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10). Then (ACD) + (DCB) = (ACE) + (ECB) = 2 right angles. 17 When two lines intersect, the opposite angles are equal. 16 we have (see Fig. 11) (BEA) + (AEC) = 2 right angles = (AEC) + (CED). 4, one can subtract the angle (BEA) = (CED). 18 In a triangle, an external angle at a vertex is greater than each internal angle at another vertex. 52 3 Euclid’s Elements Fig. 11 Fig. 12 Proof Given the triangle ABC as in Fig. 12, it is claimed that (ACD) > (ABC), (ACD) > (BAC). 12, let E be the middle point of the segment AC.

When it has been useful to make the presentation more “accessible”, we sometimes combine several results in a single statement. We make an exception for Book 1, which we present in more detail, following rather closely the original text of Euclid: our purpose is to illustrate rather faithfully Euclid’s axiomatics and method of deduction. We also present in some detail the main arithmetical results of Book 7, for further use in the Appendices of this book. 1 1. 2. 4. 8. A point is that of which there is no part.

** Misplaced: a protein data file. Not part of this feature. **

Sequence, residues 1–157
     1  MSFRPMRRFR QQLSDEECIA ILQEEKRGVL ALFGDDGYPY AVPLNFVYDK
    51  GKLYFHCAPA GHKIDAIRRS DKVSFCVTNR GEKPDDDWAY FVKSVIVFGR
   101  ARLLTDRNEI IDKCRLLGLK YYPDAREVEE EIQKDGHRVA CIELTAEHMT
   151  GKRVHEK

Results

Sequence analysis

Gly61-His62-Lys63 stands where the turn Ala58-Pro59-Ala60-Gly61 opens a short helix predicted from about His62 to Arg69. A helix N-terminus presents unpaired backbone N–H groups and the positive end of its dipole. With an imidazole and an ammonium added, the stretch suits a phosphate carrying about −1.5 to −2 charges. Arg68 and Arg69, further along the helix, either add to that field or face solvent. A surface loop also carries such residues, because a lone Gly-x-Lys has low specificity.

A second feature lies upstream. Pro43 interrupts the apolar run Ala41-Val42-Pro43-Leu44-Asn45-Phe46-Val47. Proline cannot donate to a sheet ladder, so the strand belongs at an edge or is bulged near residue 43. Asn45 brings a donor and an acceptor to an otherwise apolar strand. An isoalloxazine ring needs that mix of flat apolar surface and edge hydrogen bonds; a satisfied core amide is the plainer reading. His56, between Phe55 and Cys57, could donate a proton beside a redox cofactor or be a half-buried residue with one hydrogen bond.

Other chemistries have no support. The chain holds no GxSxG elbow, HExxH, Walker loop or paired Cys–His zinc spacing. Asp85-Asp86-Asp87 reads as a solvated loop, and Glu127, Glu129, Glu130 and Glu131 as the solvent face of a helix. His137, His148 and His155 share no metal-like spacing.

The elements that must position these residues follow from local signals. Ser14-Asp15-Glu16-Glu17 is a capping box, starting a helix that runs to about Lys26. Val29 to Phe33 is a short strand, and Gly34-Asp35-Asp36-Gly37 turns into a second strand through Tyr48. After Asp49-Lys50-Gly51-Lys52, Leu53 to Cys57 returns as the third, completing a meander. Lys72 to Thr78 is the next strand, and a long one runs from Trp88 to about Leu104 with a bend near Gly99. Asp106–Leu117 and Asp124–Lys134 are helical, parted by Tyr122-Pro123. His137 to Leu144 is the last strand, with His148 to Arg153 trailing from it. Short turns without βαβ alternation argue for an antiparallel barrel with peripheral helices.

11 Bisect an angle. 5, draw the equilateral triangle DEF (see Fig. 7). 4, we get the equality (ADF ) = (AEF ). 7 to the triangles ADF and AEF , we obtain that AF bisects the angle (BAC). 12 Bisect a segment. 11, draw the equilateral triangle ACB on the given segment AB and the bisector of the angle ACB, which cuts AB at D (see Fig. 8). 7 to the triangles ACD and BCD forces the conclusion. 50 3 Euclid’s Elements Fig. 7 Fig. 13 Draw a perpendicular at a given point of a line. Proof We refer to Fig.

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